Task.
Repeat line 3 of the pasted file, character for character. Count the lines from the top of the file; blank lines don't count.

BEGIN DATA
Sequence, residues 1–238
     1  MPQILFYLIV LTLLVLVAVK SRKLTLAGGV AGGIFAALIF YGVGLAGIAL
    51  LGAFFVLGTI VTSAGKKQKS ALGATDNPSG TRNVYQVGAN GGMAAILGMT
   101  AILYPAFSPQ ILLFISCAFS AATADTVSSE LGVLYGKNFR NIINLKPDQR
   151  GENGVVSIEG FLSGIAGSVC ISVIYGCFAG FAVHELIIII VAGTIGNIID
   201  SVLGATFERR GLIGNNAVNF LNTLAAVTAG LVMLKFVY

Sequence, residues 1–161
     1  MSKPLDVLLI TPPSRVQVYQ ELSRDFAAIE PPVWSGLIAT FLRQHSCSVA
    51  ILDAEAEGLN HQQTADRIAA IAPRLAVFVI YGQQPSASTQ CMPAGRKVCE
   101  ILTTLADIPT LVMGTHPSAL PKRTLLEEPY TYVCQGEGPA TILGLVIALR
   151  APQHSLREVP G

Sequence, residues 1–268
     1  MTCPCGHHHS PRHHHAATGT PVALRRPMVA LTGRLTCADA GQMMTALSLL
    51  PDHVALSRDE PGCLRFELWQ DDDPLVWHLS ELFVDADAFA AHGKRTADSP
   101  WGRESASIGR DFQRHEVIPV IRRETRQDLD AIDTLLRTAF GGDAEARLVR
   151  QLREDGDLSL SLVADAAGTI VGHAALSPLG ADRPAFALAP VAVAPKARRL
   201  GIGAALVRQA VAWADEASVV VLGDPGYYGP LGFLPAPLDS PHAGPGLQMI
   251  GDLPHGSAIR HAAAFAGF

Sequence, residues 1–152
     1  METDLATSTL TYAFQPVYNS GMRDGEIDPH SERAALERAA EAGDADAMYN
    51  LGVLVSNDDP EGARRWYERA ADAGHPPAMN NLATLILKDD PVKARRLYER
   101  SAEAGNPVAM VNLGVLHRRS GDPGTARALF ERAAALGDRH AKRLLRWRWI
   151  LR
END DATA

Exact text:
    51  LGAFFVLGTI VTSAGKKQKS ALGATDNPSG TRNVYQVGAN GGMAAILGMT